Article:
Month: April 2021

French Heritage

A lot of ideas came together – by chance or by providence – when the statue of our patron Saint Francis de Sales was mounted above the door of our Guastavino-domed Byzantine-Romanesque style church back in 1911.

                Architectural historian Roger Moss, writing about Historic Sacred Places of Philadelphia, explains that the Byzantine Revival movement originated in France in the late nineteenth century and our church owes “its architectural genealogy to medieval Byzantine-Romanesque churches of Southern France.” He notes that French architects in the late 1800s looked back at those earlier churches and “embraced the Byzantine-Romanesque style as an alternative to the Gothic style” which was considered too “Protestant.” Romanesque design featured a rectangular building with welcoming rounded arches and vaults — rather than stern, angular Gothic pointed arches and steeples — and with a heaven-like dome to complete the thought.  The Basilica of Sacré-Cœur in Paris began construction in1875 and the Cathédrale Sainte-Marie-Majeure de Marseille was finished in 1896, so the energy was in the air with some striking new examples as guides.

                Architect Henry Dagit, who lived in the parish at 4529 Pine St., had a deeply personal interest in the building, even memorializing some of his relatives in its decorations. The Dagit family were of French/German heritage, so Henry was naturally attracted to French and German design inspiration for his family church.

                For an American twist, Dagit realized that a distinctive Guastavino Dome roof — an engineering marvel — could complete the design, and allow a generous open-space floor plan for the church. Spanish immigrant Rafael Guastavino was famous for his unique building system in which tiles were layered with special mortar to create a strong, lightweight dome structure which did not require interior bracing, or space-taking, view-obscuring rows of supporting columns. The magnificent dome is one of only three Guastavino projects in Philadelphia: Girard Bank (Ritz-Carlton Hotel today) was built in 1908, and the Penn Museum’s dome would be constructed in 1916.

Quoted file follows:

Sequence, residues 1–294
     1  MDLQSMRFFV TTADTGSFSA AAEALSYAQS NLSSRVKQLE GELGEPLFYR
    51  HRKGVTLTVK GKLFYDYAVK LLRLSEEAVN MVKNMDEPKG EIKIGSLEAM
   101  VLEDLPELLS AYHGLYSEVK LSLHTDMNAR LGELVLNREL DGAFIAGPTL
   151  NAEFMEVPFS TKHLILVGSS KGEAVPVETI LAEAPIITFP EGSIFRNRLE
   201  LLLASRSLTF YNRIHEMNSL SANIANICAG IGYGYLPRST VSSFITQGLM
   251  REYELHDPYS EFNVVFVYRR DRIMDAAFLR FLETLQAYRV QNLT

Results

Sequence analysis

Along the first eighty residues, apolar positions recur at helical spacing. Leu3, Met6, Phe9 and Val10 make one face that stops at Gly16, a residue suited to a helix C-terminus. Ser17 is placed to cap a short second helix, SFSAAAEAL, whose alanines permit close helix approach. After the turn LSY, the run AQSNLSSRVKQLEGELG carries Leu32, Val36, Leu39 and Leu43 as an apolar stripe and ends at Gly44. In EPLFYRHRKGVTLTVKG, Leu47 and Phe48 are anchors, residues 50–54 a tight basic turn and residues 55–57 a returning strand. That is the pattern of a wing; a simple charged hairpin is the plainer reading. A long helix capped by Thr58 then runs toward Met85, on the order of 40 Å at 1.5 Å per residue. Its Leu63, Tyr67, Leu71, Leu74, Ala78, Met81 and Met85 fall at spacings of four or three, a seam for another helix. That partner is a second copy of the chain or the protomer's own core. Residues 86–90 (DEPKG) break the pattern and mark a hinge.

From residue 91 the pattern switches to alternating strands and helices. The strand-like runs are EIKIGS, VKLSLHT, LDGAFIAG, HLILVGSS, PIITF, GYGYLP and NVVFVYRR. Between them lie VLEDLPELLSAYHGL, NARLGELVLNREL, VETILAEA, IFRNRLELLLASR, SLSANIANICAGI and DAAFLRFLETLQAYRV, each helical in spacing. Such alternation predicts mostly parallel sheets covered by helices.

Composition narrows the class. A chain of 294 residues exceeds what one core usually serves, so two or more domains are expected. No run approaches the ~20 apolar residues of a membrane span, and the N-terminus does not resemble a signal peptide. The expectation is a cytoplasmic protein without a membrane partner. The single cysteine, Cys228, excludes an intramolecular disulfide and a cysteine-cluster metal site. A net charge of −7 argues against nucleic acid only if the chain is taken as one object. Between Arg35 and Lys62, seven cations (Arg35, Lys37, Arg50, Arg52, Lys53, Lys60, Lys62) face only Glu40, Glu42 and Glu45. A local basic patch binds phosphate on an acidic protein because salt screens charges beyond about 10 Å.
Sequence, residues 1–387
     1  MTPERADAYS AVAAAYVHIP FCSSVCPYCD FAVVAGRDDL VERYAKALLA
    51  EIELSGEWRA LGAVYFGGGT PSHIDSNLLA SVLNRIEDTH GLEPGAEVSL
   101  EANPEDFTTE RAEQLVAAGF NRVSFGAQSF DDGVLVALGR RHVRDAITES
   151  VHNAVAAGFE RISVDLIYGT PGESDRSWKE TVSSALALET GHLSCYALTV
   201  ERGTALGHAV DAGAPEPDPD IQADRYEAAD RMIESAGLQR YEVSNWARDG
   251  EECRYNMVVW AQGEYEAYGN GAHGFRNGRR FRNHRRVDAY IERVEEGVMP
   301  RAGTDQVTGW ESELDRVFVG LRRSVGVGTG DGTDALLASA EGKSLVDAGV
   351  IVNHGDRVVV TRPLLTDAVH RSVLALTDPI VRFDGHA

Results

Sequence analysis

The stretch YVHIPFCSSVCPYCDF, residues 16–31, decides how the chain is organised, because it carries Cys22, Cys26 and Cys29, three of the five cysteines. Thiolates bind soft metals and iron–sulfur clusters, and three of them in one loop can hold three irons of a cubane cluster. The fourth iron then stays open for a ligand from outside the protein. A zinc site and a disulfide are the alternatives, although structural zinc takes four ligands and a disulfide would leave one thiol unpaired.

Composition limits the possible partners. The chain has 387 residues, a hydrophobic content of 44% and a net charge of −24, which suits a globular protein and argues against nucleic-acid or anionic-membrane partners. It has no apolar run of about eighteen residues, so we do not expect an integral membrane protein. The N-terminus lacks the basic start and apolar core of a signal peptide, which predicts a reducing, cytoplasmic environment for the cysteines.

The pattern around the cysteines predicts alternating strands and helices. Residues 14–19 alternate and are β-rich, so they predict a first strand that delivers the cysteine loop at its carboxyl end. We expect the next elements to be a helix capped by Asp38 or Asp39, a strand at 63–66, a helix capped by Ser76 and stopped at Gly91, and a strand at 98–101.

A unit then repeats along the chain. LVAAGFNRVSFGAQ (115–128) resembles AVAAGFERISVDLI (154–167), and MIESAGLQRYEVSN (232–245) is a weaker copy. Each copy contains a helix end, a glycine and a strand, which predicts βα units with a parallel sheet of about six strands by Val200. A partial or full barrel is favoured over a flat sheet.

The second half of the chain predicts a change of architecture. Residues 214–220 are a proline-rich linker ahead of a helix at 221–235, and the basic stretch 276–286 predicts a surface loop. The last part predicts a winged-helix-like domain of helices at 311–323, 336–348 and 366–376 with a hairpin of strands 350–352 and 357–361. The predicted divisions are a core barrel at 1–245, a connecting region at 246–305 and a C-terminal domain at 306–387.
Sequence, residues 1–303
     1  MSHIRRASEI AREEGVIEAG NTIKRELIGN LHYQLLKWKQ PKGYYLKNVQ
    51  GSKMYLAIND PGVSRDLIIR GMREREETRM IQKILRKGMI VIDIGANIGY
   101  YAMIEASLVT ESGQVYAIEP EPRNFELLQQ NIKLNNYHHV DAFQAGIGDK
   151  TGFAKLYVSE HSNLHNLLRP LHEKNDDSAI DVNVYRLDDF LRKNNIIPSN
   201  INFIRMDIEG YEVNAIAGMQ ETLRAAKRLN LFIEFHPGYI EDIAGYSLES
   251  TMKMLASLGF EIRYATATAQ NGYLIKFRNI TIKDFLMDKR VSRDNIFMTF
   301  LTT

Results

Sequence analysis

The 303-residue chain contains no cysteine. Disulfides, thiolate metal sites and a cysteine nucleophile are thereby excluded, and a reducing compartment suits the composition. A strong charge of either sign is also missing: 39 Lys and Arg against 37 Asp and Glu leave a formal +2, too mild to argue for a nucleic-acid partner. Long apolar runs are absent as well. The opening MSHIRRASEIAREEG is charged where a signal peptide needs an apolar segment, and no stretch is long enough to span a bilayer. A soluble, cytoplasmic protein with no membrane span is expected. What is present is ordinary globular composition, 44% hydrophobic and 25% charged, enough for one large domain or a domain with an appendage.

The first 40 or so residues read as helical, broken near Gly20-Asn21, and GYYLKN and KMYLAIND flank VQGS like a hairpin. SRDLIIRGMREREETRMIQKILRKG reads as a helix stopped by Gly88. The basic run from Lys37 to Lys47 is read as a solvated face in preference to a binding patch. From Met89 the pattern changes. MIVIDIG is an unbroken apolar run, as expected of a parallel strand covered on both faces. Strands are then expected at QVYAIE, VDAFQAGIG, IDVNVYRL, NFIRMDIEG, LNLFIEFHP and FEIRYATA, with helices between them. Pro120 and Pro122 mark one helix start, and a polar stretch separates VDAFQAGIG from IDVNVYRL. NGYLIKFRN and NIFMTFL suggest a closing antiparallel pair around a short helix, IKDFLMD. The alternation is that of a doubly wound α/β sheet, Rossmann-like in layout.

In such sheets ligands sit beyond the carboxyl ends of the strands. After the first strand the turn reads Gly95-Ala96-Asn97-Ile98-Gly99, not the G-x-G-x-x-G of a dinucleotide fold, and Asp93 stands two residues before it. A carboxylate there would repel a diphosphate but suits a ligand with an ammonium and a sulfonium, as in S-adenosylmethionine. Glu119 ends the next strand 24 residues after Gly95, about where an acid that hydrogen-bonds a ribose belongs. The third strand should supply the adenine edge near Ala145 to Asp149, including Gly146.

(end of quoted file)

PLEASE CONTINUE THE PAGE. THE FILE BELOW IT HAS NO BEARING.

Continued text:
The French-inspired architectural style, updated with the modern dome, offered an especially appropriate setting to honor our 17th century French patron saint, who acquired new visibility just as our church was being finished. France became a secular state in 1905. In 1911, when the French government took over the church where the saint was buried, journalists around the world reported on the procession of relics, as his remains were moved across town to a new shrine, and remarked on his then-unofficial title – dating back to the 1870s –as their patron saint.

Over time, our parish sense of identity – once so neatly linked to our building — has become obscured as our building has changed. Our patron saint’s statue was removed from his perch above our door in the 1980s for safety reasons, and stood in the parking lot for several years before disappearing. Our historically significant Guastavino dome – still intact inside the church — was covered with a cement shell on the outside in the 1950s. Our architecture and details of our history have been mischaracterized over time, contributing to a muddled sense of identity and purpose. What we are  remains elegantly simple: a diverse, welcoming congregation in a historic, architecturally significant, neighborhood church, built by immigrants and named for a saint who was known for his kindness and his gentle persuasion in drawing people back to the faith – and whose efforts to write truth earned him the title “Patron Saint of Journalists.” Merged in 2007 with Most Blessed Sacrament Parish – named for the Real Presence of Jesus Christ — we have an added reminder of our core mission, to actively promote what is best and truest about our faith in our neighborhood and beyond.